Nighttime vision changes are a little disturbing no matter what your age. Cataracts, weak eyeglass prescriptions, diseases, and aging may contribute to the problem.View Article
Dear Hyde Eyecare Patients,
In these uncertain times, we wanted to reach out to you personally about what we are doing here at Hyde Eyecare to support you and our employees. As the situation around novel coronavirus (COVID-19) continues to evolve, we are doing everything we can to ensure your Health is our top priority as it has always been, the safety and security of our patients and employees remains our highest priority. We take great pride in maintaining the highest standards of cleanliness and hygiene. In response to the coronavirus, we have taken additional measures developed in consultation with global and local public health authorities (including the WHO and CDC) to make our cleaning and hygiene protocols even more rigorous:
• Our team members are receiving ongoing briefings and enhanced operating protocols.
• We have increased the frequency of cleaning & sterilizing our public areas (including exam rooms, optical gallery, lobbies, elevators, private offices, door handles, bathrooms, etc.) and have continued to use hospital-grade disinfectant.
• We have increased the deployment of antibacterial hand sanitizers and wipes. We remain committed to offering you the best eye care possible. We will be flexible if your appointment needs to be rescheduled and will always be here if an eye emergency arises.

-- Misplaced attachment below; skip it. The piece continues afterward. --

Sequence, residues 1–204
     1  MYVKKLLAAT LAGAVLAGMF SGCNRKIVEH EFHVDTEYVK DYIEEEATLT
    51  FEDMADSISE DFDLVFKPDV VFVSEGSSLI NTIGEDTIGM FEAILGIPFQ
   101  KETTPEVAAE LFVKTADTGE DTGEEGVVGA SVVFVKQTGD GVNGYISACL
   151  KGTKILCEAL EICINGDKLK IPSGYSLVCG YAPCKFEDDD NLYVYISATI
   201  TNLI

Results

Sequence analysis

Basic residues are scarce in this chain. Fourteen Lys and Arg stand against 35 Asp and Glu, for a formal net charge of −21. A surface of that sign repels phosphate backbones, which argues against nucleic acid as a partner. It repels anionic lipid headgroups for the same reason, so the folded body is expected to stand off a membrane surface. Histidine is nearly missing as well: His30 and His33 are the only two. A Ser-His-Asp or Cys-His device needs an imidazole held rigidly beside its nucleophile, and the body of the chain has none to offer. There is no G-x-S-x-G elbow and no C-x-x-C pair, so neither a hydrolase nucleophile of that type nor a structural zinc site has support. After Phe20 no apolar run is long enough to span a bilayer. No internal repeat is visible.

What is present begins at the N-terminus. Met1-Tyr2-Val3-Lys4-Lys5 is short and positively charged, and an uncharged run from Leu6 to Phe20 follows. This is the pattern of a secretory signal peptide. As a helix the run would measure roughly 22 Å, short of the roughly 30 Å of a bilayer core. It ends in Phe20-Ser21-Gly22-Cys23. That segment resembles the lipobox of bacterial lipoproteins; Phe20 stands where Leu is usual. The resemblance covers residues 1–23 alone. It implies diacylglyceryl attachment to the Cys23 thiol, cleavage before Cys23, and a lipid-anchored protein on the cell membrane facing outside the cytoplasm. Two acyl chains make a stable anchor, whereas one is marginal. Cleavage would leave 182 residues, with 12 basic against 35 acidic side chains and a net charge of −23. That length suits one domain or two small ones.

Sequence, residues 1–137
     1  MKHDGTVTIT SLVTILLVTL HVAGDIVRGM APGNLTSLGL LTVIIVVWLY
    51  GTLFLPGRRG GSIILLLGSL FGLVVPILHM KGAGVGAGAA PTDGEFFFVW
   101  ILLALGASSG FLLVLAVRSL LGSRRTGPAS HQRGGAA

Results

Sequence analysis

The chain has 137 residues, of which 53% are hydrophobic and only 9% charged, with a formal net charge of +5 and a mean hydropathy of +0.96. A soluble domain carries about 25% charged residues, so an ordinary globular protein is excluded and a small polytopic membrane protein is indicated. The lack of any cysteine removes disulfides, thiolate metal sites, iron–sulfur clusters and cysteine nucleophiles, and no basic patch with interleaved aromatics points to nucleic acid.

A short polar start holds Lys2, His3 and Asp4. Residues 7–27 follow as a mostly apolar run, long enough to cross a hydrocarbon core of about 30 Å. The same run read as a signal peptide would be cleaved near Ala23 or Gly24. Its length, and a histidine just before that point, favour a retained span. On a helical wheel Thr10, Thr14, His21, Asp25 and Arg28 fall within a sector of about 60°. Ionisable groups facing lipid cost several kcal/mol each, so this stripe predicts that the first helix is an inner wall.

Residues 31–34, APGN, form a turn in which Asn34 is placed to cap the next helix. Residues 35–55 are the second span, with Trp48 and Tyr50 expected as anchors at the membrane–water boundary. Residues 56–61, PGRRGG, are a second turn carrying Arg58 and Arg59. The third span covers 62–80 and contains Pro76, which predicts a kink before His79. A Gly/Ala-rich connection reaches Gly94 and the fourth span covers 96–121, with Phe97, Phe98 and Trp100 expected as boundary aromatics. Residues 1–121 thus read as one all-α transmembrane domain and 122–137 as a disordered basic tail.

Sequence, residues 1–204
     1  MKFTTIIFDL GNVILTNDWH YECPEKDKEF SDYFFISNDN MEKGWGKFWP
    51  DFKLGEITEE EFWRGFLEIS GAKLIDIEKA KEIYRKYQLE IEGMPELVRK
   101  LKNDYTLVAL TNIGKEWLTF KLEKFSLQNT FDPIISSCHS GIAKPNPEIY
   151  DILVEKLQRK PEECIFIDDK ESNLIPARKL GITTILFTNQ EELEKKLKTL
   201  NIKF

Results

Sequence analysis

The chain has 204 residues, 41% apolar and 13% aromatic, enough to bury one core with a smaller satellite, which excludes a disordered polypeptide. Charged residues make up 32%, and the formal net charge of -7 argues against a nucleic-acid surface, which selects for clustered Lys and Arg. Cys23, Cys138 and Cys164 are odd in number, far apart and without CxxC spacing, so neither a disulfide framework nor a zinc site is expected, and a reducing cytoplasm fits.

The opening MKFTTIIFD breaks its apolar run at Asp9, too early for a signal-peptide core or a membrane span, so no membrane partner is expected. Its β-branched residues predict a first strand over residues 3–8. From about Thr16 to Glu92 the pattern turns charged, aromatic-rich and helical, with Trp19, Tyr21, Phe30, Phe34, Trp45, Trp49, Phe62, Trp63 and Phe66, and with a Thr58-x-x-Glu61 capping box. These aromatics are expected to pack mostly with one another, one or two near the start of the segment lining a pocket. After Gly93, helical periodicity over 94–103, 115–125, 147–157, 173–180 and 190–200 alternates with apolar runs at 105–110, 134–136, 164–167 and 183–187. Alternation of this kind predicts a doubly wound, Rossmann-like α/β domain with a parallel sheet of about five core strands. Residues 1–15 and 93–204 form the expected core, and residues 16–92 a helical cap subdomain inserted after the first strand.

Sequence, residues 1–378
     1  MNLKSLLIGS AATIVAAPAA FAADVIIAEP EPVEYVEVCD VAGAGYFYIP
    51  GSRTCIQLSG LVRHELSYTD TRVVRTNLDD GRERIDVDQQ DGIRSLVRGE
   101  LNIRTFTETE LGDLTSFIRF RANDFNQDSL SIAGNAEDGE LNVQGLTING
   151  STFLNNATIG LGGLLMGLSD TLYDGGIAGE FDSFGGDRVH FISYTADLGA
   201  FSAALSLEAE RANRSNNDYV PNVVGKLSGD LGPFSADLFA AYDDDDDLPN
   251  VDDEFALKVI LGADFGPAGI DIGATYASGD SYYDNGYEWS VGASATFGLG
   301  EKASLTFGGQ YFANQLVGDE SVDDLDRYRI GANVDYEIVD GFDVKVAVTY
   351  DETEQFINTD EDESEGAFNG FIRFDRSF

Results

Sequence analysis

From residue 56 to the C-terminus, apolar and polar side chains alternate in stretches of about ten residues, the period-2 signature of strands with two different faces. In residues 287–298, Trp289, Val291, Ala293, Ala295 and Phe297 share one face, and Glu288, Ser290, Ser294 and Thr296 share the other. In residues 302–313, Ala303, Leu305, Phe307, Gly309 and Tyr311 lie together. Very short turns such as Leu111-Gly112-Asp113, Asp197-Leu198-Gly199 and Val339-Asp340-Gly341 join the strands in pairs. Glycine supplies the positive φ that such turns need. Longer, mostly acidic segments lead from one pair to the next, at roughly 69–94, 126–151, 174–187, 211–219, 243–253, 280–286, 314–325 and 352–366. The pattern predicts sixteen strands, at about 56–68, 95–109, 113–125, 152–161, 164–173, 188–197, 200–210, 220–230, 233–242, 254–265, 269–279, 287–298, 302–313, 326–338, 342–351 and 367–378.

At Hyde Eyecare, we believe it is in challenging times like these that the power of good “sight” is needed most of all. We remain committed to serving you and our community for many years to come.
President & CEO, Hyde Eyecare
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How Often Should I Change My Contact Lens Case?
Wet, dark contact lens cases provide the perfect breeding ground for bacteria and fungi. Fortunately, you can avoid painful eye infections by replacing your cases regularly and following your optometrist's lens and case care instructions.
Replace Every 3 Months
No matter how carefully you clean your contact lens case, it may still harbor bacteria, viruses, or fungi. The problem is caused by an invisible bacteria-laden coating called a biofilm. The film forms on the wells and lids of the case and may still be present after you clean or soak your case.
The American Optometric Association recommends replacing contact lens cases every three months to reduce your risk of infection. Some contact lens manufacturers suggest replacing the cases as often as every one to two months.
According to an April 2011 article in Review of Cornea and Contact Lenses, 30% to 85% of contact lens cases eventually become contaminated. Unfortunately, the contact lenses stored in the cases can become contaminated too, increasing the chance that you'll develop an infection.
Infections can cause corneal ulcers, painful sores that form on the surface of your cornea. The cornea is the clear layer of tissue that covers your iris and pupil. Severe infections can scar or cloud the cornea, permanently altering your vision.
If you develop a corneal ulcer, you may experience:
Stop wearing your contact lenses and call your eye doctor immediately if you notice any of these symptoms. Prompt treatment will help you avoid serious damage to your corneas or loss of vision.
Contact Case Care Recommendations
Following these guidelines can decrease your infection risk:
Proper cleaning and care of your contact lens cases can help you avoid infections. Contact us if you think you may have an infection, or it's time for your next vision exam.
American Optometric Association: Contact Lens Case Care
Review of Cornea and Contact Lenses: What is Happening in Your Contact Lens Storage Case?, 4/18/11
WebMD: Contact Lenses and Eye Infections
American Academy of Ophthalmology: How to Take Care of Contact Lenses, 9/9/18